Louis Vuitton defines ‘new normal’ dressing for Pre-Fall 2021
Revisiting and reinterpreting both the codes of conformist menswear and of the house, Virgil Abloh’s latest proposal is his most democratic yet.
Courtesy of Louis Vuitton
A peacoat, a boxy suit, a harrington jacket, an intarsia-knit sweater… if this quickfire list of the pieces you’ll find in Virgil Abloh’s Louis Vuitton Pre-Fall 2021 menswear collection sounds a little, well, conventional, then you’re right on the money. This season, the house’s Creative Director turned his mind to a topic you don’t readily associate with one of fashion’s most irreverent names: conformity.
“Wait, so Virgil’s a normie now?”, you’re probably thinking. No, not quite. As he told us back in June, ahead of the launch of his collaboration with Nigo, he’s a well-noted fan of “retelling a classic: part of the chemistry in my design sensibility is taking something that's known and twisting it.” As such, Virgil’s mining of the templates of convention this season is best interpreted as a reconfiguration of the rudimentary components of stale, old-world-order (read: pre-2020) dressing, laying them as the foundation from which a newer, more all-encompassing approach to men’s style can evolve.
Even if the silhouettes that made up the collection may seem familiar, what fills them in certainly is not. Boxy commuter suits are reinterpreted in galactic tie-dye monogrammed wool, nodding to the zany psychedelia that coloured much of Virgil’s SS21 voyage this summer as much to sober convention. A similarly spacy treatment is given to a bomber, the diamond shapes of the house’s Monogram lit up like supernovas against a mottled indigo Damier sky, and elsewhere a grainy, faded twist on the check -- formally dubbed the Damier salt print -- decorates everything from denim suiting to leather skater caps and coated canvas bags.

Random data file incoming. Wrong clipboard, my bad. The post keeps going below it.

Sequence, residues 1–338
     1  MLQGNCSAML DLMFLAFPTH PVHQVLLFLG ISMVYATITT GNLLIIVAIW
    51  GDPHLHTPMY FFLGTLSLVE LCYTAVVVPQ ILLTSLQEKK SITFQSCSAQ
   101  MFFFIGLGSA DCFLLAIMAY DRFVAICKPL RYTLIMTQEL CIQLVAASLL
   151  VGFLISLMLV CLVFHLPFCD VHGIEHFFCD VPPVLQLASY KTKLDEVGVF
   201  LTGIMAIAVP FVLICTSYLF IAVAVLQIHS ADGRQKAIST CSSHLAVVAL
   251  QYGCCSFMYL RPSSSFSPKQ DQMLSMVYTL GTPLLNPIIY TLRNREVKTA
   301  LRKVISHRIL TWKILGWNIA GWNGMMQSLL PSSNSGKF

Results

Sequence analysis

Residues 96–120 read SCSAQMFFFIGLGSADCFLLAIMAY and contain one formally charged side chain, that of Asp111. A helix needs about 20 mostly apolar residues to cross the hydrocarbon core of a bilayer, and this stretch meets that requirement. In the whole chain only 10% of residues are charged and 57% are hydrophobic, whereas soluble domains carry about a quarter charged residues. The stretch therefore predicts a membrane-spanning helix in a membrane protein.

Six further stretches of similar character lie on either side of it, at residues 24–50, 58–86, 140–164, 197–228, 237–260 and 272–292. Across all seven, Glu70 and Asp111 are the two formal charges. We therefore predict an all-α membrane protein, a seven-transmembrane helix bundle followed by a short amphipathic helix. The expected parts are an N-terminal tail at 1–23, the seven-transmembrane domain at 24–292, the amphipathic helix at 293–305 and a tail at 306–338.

Virgil’s manipulation of the house’s instantly recognisable codes is a familiar tactic -- it wouldn’t be unfair to declare it an aesthetic pillar of his tenure at Louis Vuitton. What the consistency of its application demonstrates, though, is the sincerity of his mission statement to underpin luxury codes with progressive values. Though the broadening of this remit may not have much of an effect on the price point, reimagining the Monogram and Damier check time and again with such zeal is just one of the ways that Virgil has managed to extend an invitation to plural audiences once kept at bay.
That he should refer so extensively to familiar aesthetic codes and conventions now, when calls for a radical rethink of how fashion functions and looks are at their peak, may raise some eyebrows. It bears noting, though, that at a time when drawing blueprints for the future is difficult to say the least, this is a collection that reminds us that the raw materials for the world we want to build already lie within our hands, as well as of the incremental, evolutionary nature of lasting transformation.